The beauty of push-ups is that you can do them anywhere, any time. The no-cost, no-hassle convenience is only one of the many benefits of push-ups, though. This body-weight strength-training exercise engages several muscle groups at the same time, helping you maintain a healthy weight, strengthen bones and manage blood sugar and blood pressure. Moreover, it was found that push-ups can be an indicator of cardiovascular disease.
Push-ups can measure cardiovascular risk, while strengthening important muscle group.
Measure Cardiovascular Risk
Cardiovascular disease is the leading cause of death globally, according to a 2019 study published in JAMA Network Open. But the researchers linked push-up capacity to a lower likelihood of cardiovascular disease, pointing to the potential of using this simple exercise to assess risk.
The study found men who were able to complete more than 40 push-ups showed a significant reduction in the incidence of cardiovascular disease over 10 years as compared to those who completed fewer than 10 push-ups.
Strengthen All Major Muscle Groups
- Help sustain a healthy weight
- Strengthen bones
- Facilitate everyday movement
- Manage blood pressure and blood sugar
Certain studies have even pointed to the benefits of push-ups for specific muscle groups. For example, a 2014 study by the Journal of Sports Science & Medicine reported that the standard push-up increases activation of the pectorals and the deltoids, the muscles attached to the front, side and rear of the shoulder.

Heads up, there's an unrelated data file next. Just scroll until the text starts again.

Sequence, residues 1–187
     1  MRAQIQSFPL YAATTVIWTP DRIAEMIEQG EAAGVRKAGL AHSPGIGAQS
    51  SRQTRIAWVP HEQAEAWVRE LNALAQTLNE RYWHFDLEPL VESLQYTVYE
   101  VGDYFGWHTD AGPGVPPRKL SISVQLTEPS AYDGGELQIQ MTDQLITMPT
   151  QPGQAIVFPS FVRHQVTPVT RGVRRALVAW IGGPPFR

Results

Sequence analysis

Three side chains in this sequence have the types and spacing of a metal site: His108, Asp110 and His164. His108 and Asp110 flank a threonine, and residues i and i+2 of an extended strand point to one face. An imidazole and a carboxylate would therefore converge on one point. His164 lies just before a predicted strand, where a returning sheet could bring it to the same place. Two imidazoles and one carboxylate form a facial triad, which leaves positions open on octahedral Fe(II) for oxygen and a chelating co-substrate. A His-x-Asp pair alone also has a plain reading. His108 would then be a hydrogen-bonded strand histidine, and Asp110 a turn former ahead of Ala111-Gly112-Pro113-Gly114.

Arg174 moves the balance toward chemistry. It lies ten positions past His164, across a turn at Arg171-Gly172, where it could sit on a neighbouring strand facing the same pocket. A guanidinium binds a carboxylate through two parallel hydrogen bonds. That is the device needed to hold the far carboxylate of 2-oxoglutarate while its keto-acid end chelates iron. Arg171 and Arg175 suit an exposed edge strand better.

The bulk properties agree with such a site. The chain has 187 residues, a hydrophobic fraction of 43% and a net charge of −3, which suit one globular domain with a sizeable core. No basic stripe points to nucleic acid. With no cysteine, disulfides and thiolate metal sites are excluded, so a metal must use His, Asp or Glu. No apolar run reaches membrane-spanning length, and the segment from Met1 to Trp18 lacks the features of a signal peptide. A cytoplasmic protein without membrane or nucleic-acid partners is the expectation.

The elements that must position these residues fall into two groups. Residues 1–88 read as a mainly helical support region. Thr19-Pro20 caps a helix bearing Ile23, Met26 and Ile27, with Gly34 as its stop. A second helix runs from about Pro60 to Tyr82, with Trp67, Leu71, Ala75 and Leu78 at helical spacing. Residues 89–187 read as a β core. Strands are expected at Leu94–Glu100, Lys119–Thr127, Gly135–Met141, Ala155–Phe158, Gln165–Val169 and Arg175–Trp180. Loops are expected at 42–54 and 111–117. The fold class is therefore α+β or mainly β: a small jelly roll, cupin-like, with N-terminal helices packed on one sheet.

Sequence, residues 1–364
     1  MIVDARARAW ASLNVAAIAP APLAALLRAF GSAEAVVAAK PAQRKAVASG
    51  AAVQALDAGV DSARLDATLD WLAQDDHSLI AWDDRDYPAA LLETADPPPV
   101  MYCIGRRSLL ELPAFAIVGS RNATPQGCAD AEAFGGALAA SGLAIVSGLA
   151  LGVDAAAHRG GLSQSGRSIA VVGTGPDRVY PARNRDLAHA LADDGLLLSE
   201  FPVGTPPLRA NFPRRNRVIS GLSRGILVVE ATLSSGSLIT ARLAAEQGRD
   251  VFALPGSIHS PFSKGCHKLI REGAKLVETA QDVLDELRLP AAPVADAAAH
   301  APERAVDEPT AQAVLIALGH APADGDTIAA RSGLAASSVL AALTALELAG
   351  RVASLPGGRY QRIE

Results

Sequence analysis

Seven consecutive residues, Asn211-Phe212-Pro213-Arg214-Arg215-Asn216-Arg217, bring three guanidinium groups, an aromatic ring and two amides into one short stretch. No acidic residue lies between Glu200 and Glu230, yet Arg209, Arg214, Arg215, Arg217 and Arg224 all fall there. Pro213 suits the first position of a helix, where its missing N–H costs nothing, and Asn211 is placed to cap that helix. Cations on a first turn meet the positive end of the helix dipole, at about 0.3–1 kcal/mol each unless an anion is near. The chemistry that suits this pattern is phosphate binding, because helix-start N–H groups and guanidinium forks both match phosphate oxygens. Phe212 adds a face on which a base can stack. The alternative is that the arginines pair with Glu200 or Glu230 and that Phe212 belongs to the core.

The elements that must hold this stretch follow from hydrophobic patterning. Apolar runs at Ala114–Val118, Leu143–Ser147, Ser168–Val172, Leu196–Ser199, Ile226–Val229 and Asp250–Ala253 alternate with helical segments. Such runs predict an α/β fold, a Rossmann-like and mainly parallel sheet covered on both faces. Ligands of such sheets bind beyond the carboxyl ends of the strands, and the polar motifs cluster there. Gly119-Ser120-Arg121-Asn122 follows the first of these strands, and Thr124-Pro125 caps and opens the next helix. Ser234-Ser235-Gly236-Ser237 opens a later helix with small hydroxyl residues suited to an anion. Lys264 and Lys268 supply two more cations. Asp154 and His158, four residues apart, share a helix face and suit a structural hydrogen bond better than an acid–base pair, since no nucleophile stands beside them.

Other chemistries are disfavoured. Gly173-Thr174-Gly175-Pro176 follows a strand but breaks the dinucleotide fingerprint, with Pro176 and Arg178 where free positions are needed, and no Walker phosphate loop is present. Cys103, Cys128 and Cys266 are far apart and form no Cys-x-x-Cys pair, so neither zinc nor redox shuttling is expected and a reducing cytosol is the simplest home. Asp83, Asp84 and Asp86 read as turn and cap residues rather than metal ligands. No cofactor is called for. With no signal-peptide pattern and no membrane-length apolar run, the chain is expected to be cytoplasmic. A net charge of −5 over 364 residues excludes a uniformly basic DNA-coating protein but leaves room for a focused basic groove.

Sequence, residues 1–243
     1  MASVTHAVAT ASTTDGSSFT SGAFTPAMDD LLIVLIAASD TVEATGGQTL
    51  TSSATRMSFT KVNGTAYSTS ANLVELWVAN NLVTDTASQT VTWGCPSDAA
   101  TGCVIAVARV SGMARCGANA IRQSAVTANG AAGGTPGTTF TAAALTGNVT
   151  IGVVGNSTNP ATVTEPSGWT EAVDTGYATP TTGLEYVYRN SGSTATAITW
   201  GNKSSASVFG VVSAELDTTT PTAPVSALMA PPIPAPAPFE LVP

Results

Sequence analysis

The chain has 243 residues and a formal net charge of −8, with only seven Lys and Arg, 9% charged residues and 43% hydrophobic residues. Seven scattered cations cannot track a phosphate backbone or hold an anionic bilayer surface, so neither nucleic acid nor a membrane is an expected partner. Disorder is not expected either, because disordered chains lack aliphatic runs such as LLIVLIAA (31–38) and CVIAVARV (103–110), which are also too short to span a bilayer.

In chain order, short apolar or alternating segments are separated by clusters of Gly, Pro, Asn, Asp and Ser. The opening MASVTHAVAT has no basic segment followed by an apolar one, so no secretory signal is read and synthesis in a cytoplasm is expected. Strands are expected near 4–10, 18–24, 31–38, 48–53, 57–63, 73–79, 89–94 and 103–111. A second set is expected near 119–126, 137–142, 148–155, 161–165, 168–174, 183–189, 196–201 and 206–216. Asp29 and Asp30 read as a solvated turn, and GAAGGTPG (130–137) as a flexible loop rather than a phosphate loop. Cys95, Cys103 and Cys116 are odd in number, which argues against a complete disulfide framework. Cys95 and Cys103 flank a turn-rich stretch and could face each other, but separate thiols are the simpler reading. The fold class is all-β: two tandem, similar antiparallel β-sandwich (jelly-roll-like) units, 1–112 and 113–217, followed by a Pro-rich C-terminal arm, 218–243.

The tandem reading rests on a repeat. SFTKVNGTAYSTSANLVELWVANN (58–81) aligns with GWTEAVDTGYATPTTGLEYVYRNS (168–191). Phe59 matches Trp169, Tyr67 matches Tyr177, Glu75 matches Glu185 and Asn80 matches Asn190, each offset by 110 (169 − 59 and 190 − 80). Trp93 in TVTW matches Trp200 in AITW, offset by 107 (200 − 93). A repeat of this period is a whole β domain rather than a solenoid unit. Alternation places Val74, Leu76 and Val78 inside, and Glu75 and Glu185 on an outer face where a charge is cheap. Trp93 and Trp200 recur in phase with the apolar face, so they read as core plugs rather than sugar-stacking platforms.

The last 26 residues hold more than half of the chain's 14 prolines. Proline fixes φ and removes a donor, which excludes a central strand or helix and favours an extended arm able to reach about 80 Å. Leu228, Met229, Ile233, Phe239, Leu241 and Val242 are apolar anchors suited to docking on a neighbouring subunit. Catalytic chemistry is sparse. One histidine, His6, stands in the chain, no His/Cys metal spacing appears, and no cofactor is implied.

Another study, published in 2016 by the Journal of Physical Therapy Science, found that when the hands are situated halfway inward from their standard position, there's greater activity in the chest and triceps.
How to Do the Perfect Push-Up
The American Council on Exercise (ACE) recommends the following form in order to properly execute a push-up:
- Place your hands on the mat, shoulder-width apart, fingers facing forward.
- Brace your torso and fully extend your body, so that you're in plank position. Make sure your head and spine are aligned.
- While keeping the same body position, slowly lower your body toward the mat while allowing your elbows to shift outward.
- Once your chest or chin has reached floor level, press upward through the arms until they're fully extended.
For proper alignment, ACE also suggests that your fingers face forward and are slightly turned inward, that your shoulders are situated right above your hands and that your torso is stiff so that your back doesn't sag.
- JAMA Network Open: "Association Between Push-Up Exercise Capacity and Future Cardiovascular Events Among Active Adult Men"
- ACE: "Push-Up"
- NHS: "Physical Activity Guidelines for Adults"
- Harvard Health Publishing: "The Rise of Push-Ups: A Classic Exercise That Can Help You Get Stronger"
- NCBI: Journal of Sports Science & Medicine: "Muscle Activation During Push-Ups With Different Suspension Training Systems"
- NCBI: Journal of Physical therapy Science: "Effect of the Push-Up Exercise at Different Palmar Width on Muscle Activities"